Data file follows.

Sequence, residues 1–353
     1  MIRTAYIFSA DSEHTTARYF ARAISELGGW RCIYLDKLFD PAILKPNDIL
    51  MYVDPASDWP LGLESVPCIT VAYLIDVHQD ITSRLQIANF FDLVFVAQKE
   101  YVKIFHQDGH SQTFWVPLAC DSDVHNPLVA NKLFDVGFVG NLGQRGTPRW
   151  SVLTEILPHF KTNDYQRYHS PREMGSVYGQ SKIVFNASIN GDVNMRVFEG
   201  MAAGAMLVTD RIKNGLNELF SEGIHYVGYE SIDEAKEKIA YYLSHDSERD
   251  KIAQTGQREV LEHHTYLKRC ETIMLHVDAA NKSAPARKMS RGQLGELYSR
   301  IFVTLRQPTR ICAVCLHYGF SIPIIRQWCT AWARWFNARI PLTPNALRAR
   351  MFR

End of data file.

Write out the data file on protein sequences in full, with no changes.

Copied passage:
Sequence, residues 1–353
     1  MIRTAYIFSA DSEHTTARYF ARAISELGGW RCIYLDKLFD PAILKPNDIL
    51  MYVDPASDWP LGLESVPCIT VAYLIDVHQD ITSRLQIANF FDLVFVAQKE
   101  YVKIFHQDGH SQTFWVPLAC DSDVHNPLVA NKLFDVGFVG NLGQRGTPRW
   151  SVLTEILPHF KTNDYQRYHS PREMGSVYGQ SKIVFNASIN GDVNMRVFEG
   201  MAAGAMLVTD RIKNGLNELF SEGIHYVGYE SIDEAKEKIA YYLSHDSERD
   251  KIAQTGQREV LEHHTYLKRC ETIMLHVDAA NKSAPARKMS RGQLGELYSR
   301  IFVTLRQPTR ICAVCLHYGF SIPIIRQWCT AWARWFNARI PLTPNALRAR
   351  MFR